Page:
By that measure, The Lego Movie comes as close to perfection as any project essentially could, it's a giddily-buoyant, blindingly-imaginative, utterly-riotous slice of escapist bliss that teeters on the brink of brilliance.
Yeah, it's that freaking good.
Immersing us in their vibrant – hyper-witty – world of interlocking blocks (a dizzying, smart hybrid of stop-motion Legos & CGI), the directorial duo, Phil Lord and Christopher Miller, introduce Emmet (Chris Pratt doing "dim" quite convincingly), an uber-assimilative Lego man, constantly clasping a board of instructions with his claw hands, obeying whatever his plastic universe dictates the commercial norm — the average homogenized American consumer in minifigure form.
With the poptacular electronica anthem "Everything is Awesome" incessantly blaring throughout the city of bricks, Emmett and his crew of construction chums detonate anything and everything that doesn't meet President Business' (Will Ferrell) uniformity — as with real life, going off script with your blocks is frowned upon in favor of strict adherence to the 78-part directions.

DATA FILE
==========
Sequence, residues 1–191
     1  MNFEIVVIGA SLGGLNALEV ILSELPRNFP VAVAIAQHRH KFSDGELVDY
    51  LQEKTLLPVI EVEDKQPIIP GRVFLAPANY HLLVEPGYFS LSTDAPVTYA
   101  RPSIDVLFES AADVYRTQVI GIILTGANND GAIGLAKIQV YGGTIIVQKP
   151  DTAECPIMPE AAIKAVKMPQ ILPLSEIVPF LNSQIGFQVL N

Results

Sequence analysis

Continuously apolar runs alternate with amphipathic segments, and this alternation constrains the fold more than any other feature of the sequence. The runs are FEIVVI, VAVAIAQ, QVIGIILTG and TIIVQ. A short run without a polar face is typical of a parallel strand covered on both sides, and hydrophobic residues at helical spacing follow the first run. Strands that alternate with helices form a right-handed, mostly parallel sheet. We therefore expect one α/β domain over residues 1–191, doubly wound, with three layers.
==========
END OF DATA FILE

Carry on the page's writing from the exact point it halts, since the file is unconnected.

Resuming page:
But there's push back from free-thinking radicals like Wyldstyle (Elizabeth Banks), a hoodie-wearing hellion hunting for the Piece of Resistance, the literal cap to Business' plan to release his chemical weapon, the Kragle, upon his unsuspecting lemmings.
Stumbling upon the protective piece of plastic, Emmitt – like Frodo before him – begins the pilgrimage to Business' mile-high skyscraper lair, looking to thwart the prez's maniacal scheme, aided by rag-tag rebels including Vitruvius, a glowing-eyed Gandalf (Morgan Freeman eliciting gut-busting guffaws) and The Dark Knight himself, Batman (Will Arnett slaying it with his gravelly-voiced one liners).
There's a profusion of The Matrix, The Lord of the Rings and Star Wars influence on display; the latter two pop up in brick form with hysterical results.
As they proved with their big screen debut, Cloudy with a Chance of Meatballs and their sophomore outing, 21 Jump Street, Lord and Miller get comedy, flooding the razor-sharp – anarchical – script (co-penned by Dan and Kevin Hageman) with self-reverential, satirical humor, the kind of lightning-round laughs you'd find on The Simpsons or Family Guy — minus the crudities.
This is a family film, one that will work wonders for any age, featuring a final twist that's nothing short of magical.